The rods and cones in our retinas detect light. Thankfully, amazing cameras do the same and have captured images of these photoreceptor cells in today’s image.
The outer segments of photoreceptor cells are modified cilia that detect light at the back of the eye. Like the cilia in many other cell types, these outer segments can’t synthesize their own proteins but instead depend on transport of proteins from the cell body along ciliary microtubules. IFT proteins (intraflagellar transport) are important for this transport of material, and a recent paper describes the roles of the IFT20 protein in the retina. IFT20 is required for transport into the outer segments and is uniquely localized to the Golgi complex. Keady and colleagues conclude that IFT20 functions both as part of and independently of the typical IFT system. Images above show retinal sections of mice with normal IFT20 (top) and IFT20 mutated in cone cells (bottom). The lack of RG opsin (green) in IFT20 mutants indicates an absence of cone cells, while normal rhodopsin staining (red) indicates that rod cells are unaffected in mutants.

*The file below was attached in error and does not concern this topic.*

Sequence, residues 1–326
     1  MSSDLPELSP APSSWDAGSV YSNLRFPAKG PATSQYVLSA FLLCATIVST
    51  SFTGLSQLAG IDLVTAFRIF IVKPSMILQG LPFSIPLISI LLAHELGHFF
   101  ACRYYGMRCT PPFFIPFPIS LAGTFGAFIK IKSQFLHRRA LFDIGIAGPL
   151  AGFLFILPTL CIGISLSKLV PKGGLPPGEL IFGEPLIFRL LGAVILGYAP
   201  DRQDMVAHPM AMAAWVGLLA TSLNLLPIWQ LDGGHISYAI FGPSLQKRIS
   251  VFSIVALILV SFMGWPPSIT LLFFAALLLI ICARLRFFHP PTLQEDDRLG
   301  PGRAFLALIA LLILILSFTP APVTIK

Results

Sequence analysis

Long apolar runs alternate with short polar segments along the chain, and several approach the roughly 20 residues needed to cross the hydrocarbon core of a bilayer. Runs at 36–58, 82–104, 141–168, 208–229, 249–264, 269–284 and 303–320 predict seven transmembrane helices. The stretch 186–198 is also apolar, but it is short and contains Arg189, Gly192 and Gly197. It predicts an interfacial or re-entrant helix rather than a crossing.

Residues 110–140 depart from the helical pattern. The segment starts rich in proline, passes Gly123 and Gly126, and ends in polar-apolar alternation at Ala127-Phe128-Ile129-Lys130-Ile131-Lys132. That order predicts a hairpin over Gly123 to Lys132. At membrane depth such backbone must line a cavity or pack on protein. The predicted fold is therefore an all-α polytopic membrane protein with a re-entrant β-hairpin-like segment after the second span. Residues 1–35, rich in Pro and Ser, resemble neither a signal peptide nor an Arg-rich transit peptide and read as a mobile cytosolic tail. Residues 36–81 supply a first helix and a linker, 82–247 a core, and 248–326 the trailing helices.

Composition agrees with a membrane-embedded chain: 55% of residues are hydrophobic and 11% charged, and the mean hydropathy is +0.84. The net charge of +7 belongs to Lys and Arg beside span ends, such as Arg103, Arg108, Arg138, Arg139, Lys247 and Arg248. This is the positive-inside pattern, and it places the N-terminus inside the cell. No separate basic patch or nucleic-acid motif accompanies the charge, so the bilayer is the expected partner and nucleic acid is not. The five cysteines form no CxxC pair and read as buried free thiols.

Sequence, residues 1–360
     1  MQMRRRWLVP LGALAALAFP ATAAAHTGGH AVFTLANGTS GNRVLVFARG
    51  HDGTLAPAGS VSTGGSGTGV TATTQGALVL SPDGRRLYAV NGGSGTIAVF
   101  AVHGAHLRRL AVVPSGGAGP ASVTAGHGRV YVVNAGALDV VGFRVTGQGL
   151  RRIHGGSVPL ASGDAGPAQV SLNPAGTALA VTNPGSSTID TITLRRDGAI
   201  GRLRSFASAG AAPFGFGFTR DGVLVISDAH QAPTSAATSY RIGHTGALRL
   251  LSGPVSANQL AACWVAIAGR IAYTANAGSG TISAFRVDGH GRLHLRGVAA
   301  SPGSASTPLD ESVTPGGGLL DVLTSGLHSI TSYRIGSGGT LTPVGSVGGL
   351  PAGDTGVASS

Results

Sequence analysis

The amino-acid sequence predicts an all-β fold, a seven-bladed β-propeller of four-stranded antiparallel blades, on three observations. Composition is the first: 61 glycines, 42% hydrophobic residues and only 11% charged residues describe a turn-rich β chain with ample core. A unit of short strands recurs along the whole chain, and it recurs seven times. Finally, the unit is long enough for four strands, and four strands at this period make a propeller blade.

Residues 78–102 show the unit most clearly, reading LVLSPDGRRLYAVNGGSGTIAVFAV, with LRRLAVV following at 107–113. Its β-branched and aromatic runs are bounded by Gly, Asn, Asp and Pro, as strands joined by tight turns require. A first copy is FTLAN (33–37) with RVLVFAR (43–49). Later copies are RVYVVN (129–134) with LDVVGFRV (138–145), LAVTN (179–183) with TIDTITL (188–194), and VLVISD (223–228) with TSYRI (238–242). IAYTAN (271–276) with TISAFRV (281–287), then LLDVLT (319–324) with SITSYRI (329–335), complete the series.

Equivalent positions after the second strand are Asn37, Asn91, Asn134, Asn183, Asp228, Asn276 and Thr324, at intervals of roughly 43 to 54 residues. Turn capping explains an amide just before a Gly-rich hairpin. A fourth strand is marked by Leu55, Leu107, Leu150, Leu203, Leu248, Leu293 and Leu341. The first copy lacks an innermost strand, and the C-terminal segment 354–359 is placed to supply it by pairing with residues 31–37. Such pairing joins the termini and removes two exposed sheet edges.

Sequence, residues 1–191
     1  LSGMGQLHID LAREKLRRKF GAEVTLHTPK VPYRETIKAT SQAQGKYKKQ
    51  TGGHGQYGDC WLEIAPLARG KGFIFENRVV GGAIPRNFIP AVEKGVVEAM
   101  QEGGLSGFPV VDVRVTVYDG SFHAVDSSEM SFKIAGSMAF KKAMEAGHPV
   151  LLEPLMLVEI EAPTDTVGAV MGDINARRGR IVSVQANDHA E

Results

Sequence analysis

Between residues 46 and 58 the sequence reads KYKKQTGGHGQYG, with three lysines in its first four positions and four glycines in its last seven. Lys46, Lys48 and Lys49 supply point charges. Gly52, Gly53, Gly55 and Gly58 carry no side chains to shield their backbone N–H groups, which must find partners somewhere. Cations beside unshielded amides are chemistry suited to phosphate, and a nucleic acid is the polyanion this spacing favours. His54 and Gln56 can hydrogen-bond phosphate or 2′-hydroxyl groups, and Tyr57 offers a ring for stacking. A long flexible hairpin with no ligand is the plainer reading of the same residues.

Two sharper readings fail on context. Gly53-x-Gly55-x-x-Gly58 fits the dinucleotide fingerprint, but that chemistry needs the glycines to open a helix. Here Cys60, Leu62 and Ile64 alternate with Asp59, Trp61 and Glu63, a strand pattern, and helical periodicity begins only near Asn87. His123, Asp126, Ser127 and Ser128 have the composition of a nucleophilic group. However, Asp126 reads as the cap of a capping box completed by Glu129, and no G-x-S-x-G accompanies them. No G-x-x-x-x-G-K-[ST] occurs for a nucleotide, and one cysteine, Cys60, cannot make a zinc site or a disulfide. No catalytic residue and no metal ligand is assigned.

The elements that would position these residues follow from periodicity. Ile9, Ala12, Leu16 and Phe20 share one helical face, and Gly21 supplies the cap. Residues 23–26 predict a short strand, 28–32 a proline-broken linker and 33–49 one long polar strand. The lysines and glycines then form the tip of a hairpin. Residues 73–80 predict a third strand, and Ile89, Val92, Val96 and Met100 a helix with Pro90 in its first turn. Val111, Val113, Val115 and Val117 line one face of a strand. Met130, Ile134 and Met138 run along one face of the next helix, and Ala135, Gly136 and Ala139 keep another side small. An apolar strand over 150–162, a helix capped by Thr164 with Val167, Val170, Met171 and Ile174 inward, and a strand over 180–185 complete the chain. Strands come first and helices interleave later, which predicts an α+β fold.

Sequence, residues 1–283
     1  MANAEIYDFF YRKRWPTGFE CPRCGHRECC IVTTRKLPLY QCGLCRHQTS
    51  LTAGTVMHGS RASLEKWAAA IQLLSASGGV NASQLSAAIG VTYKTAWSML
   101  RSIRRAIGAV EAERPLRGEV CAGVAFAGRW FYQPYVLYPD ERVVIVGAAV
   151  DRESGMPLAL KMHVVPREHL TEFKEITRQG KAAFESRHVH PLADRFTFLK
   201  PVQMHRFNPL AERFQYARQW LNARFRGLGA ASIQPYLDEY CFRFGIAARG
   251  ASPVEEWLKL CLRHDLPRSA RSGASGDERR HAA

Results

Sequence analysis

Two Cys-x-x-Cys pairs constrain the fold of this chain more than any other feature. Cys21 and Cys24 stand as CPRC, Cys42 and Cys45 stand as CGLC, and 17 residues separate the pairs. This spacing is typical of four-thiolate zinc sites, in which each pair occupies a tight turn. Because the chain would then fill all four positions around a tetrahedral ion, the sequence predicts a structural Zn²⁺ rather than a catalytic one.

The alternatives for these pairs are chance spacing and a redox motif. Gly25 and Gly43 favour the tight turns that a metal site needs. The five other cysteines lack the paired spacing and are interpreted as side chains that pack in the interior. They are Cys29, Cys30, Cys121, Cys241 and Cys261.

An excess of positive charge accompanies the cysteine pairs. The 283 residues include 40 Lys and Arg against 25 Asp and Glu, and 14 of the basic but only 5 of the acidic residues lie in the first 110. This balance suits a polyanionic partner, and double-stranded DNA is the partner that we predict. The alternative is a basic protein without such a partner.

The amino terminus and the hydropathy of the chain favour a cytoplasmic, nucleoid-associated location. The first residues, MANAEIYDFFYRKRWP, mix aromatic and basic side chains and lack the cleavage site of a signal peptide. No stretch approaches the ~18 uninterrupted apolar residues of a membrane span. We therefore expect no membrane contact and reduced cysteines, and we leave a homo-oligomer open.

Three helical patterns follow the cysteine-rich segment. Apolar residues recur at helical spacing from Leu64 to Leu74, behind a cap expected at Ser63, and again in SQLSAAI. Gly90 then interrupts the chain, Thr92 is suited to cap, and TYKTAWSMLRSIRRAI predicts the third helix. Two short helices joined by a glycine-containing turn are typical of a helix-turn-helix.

Keady, B., Le, Y., & Pazour, G. (2011). IFT20 is required for opsin trafficking and photoreceptor outer segment development Molecular Biology of the Cell, 22 (7), 921-930 DOI: 10.1091/mbc.E10-09-0792